BY SAM W (YEAR 7, DRAGON)
On Saturday the 17th of June I had the pleasure of listening to the Katherine Broderick (Soprano) and Kathryn Stott (Pianist) concert. For the ‘Three Scottish Songs’ by James Macmillan, they were slow, smooth and the voice of Katherine Broderick was clear throughout the whole of the concert. These songs were sung with a lot of passion – and the wave-like motions of Kathryn Stott’s arms emphasised this. It really surprised me when dramatic chords were played on the piano, always led up to by a dramatic voice line. At the end of these ‘Scottish Songs’, the repeated use of startling chords on the piano were used to leave the audience on a cliffhanger.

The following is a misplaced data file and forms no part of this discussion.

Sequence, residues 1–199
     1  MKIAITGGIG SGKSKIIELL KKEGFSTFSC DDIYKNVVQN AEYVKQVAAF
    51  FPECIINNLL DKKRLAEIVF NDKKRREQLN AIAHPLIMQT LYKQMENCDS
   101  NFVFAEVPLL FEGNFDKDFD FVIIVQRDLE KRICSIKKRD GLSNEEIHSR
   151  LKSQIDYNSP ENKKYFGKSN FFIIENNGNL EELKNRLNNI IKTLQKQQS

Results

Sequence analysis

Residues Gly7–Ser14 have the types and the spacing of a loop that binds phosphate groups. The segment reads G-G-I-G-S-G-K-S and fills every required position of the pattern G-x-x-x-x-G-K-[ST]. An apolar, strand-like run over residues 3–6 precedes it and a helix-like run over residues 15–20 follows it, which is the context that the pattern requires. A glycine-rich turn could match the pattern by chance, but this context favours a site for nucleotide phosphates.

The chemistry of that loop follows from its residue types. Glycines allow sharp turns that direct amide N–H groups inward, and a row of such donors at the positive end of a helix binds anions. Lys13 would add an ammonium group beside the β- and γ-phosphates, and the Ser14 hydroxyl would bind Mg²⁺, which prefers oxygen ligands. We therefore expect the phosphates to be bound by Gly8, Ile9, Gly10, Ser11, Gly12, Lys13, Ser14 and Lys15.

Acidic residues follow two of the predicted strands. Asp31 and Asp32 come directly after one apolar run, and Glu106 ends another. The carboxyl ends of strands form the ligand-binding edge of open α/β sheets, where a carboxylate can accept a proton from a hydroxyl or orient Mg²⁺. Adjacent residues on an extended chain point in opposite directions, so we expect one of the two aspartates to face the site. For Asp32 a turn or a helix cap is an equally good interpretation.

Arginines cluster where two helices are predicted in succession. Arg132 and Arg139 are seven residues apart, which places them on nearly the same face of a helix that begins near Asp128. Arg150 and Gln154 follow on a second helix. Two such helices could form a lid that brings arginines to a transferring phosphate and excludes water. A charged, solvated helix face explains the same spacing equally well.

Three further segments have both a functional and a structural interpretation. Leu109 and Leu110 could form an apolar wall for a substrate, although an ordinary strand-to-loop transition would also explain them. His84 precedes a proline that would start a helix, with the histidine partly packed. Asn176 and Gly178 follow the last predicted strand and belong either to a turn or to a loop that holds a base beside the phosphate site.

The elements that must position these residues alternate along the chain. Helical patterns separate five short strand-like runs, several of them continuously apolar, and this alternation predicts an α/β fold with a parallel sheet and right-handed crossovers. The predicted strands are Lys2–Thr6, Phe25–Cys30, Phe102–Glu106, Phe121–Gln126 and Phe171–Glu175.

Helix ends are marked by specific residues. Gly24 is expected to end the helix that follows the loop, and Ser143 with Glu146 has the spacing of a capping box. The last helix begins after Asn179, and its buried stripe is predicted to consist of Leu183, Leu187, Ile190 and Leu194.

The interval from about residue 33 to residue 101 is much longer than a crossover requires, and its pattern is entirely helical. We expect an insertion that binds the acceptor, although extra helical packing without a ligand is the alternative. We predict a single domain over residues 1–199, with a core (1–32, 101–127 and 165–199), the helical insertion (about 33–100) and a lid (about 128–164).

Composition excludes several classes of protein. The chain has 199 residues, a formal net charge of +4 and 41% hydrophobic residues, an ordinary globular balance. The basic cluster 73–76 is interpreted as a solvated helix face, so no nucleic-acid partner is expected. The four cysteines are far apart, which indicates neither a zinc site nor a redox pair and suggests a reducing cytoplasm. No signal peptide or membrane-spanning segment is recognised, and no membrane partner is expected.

Though the atmosphere was tense from the last ‘Scottish Song’, Percy Grainger’s ‘Walking tune’ gave an air of friendliness and a sense of happiness to the Performing Arts Studio. Adding further to this atmosphere, ‘Spring of Thyme’ brought a folk-song aura to the PAS. With the folktale feeling set in motion, it was added to by ‘Six Dukes Went a Fishing’. I thought that the story this told was quite interesting.
Fauré’s ‘Barcarolle Op. 44, No 4 in A flat Major’ really gave me an image of an ocean in my mind – sometimes calm, sometimes more violent. At one point I remember thinking of a school of fish. They swam with the current, and then against it, and then with it, and against it. For the following pieces by Fauré I was transported to another musical world. On ‘Après un rêve Op. 7 No. 1’ it felt like the PAS was floating.
The concert was truly awesome and anyone who didn’t come along missed a really great night.